3. Explain the characteristics of MDBMS.(10) (May/June-2007)
4. Write short notes on multimedia system architecture.(6) (May/June-2007) or
With a neat block diagram explain multimedia architecture(8) (Apr/May 2010) Or Depict
multimedia system architecture. (Nov/Dec 2010) (Apr /May 2011) (10) (Nov/Dec 2011) (May
/Jun 2012) (May/Jun 2013) Explain in detail about IMA architectural framework(10) )
(Nov/Dec 2009)
5. Explain the evolving technologies in multimedia systems.(8) (Apr/May 2010) (Nov/Dec 2011)
(Nov/Dec 2013)

1. Define abstract images.(Nov/Dec 2013)
Abstract images are really not images that ever existed as real -world objects or
representations. Rather they are computer -generated images based on some arithmetic
calculations. e.g. fractals.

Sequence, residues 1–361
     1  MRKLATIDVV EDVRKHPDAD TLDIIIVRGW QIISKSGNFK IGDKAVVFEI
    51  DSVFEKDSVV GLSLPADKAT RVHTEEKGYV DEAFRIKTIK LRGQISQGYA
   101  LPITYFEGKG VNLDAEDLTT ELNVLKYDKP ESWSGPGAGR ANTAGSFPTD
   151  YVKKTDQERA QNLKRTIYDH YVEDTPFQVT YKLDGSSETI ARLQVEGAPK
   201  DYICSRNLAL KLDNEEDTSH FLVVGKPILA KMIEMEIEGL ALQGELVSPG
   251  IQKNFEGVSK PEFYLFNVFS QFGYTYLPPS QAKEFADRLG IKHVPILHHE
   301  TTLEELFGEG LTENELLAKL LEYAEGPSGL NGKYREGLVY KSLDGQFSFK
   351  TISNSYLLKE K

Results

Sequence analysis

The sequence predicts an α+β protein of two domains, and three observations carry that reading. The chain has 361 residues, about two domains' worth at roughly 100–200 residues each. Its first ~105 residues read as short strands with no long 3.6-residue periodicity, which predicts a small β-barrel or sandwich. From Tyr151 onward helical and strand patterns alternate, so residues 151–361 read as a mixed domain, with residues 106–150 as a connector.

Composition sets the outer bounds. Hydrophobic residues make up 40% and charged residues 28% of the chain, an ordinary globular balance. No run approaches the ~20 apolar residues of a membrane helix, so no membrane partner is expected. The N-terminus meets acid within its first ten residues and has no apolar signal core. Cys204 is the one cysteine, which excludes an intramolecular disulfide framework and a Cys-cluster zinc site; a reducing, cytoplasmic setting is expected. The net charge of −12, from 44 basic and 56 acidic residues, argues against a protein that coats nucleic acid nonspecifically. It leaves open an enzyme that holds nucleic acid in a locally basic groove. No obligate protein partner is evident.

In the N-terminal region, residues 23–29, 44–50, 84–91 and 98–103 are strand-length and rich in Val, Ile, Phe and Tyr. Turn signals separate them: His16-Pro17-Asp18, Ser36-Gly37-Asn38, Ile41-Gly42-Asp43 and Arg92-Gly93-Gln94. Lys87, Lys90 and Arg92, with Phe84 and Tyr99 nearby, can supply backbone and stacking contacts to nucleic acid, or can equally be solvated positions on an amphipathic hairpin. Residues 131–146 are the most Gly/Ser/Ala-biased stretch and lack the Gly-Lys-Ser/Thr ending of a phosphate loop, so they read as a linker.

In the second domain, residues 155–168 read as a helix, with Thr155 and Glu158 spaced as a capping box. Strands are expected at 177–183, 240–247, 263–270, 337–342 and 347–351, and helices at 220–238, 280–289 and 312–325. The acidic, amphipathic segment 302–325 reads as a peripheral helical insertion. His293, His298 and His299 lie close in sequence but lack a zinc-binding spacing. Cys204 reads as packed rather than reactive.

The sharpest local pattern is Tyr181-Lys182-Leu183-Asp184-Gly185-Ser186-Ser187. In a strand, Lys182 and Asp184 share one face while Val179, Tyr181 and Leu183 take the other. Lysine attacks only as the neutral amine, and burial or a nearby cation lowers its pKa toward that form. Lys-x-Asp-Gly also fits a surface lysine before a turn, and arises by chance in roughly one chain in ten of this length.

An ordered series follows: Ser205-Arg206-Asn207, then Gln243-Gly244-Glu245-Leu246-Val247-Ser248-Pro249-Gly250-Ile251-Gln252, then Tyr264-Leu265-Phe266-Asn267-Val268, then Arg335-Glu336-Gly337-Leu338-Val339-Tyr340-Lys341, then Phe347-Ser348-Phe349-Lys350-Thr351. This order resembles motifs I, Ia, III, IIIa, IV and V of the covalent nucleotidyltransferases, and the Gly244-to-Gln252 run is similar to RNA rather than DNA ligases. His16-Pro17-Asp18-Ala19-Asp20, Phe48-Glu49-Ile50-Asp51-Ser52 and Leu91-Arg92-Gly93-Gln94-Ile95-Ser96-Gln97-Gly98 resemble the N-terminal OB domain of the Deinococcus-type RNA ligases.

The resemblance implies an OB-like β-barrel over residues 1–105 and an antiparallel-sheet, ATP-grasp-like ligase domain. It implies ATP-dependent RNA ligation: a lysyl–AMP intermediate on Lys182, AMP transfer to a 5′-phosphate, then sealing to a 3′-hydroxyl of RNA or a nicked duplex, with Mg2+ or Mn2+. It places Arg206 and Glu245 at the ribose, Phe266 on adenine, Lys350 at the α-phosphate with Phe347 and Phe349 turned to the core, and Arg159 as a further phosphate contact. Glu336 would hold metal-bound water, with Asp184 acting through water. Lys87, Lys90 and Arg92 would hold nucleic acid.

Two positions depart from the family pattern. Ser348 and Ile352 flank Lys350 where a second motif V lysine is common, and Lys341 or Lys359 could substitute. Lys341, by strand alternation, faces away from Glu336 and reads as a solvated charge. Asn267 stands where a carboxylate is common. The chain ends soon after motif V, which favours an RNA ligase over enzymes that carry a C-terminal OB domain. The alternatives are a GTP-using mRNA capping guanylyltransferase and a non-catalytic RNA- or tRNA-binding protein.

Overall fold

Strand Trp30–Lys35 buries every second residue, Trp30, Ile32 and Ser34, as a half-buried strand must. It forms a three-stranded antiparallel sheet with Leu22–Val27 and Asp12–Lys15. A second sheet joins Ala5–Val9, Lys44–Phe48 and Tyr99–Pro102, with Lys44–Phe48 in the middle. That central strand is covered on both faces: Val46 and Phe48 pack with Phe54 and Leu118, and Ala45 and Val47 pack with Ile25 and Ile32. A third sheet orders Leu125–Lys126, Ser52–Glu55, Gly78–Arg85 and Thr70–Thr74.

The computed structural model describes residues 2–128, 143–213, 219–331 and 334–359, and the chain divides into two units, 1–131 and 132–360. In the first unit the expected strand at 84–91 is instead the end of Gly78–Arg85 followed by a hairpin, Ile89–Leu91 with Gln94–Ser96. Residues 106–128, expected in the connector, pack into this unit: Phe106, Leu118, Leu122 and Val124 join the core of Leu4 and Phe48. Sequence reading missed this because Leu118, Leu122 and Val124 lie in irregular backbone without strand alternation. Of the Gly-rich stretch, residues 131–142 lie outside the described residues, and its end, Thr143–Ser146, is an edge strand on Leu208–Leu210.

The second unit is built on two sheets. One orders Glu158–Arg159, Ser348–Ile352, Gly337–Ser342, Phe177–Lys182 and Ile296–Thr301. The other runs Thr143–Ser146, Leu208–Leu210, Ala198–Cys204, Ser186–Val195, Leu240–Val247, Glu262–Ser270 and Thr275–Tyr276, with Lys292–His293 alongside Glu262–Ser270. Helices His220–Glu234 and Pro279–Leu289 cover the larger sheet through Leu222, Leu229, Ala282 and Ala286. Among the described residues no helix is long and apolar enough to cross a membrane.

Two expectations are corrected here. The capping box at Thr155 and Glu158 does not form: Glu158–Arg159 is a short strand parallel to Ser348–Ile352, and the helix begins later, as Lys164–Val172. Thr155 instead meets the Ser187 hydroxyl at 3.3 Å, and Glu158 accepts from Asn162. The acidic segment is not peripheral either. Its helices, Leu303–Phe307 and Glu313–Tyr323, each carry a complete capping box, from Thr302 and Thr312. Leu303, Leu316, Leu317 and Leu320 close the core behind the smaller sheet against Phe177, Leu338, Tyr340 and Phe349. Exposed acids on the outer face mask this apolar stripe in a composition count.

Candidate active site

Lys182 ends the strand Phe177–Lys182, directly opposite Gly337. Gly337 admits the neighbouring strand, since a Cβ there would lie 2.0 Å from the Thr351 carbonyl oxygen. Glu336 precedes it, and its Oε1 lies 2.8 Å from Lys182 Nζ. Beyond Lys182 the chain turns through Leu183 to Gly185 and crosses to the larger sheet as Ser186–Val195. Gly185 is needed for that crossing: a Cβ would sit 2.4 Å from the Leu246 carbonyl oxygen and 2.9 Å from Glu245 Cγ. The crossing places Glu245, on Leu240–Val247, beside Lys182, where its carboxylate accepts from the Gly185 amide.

2. How does holography differ from hologram ?(May /Jun 2012)
Holography is defined as the means of creating a unique photographic image without the
use of lens. The photographic recording of the image is called a Hologram
3. Bring out the difference between the HDTV and UHDTV.(May /Jun 2012)
Ultra-high-definition television (also known as Super Hi-Vision, Ultra HD television, UltraHD,
UHDTV, or UHD) includes 4K UHD (2160p) and 8K UHD (4320p), which are two digital
video formats proposed by NHK Science & Technology Research Laboratories and defined
and approved by the International Telecommunication Union (ITU).
High-definition television (HDTV) provides a resolution that is substantially higher than that
of standard-definition television.
HDTV may be transmitted in various formats:

1080p: 19201080p: 2,073,600 pixels (~2.07 megapixels) per frame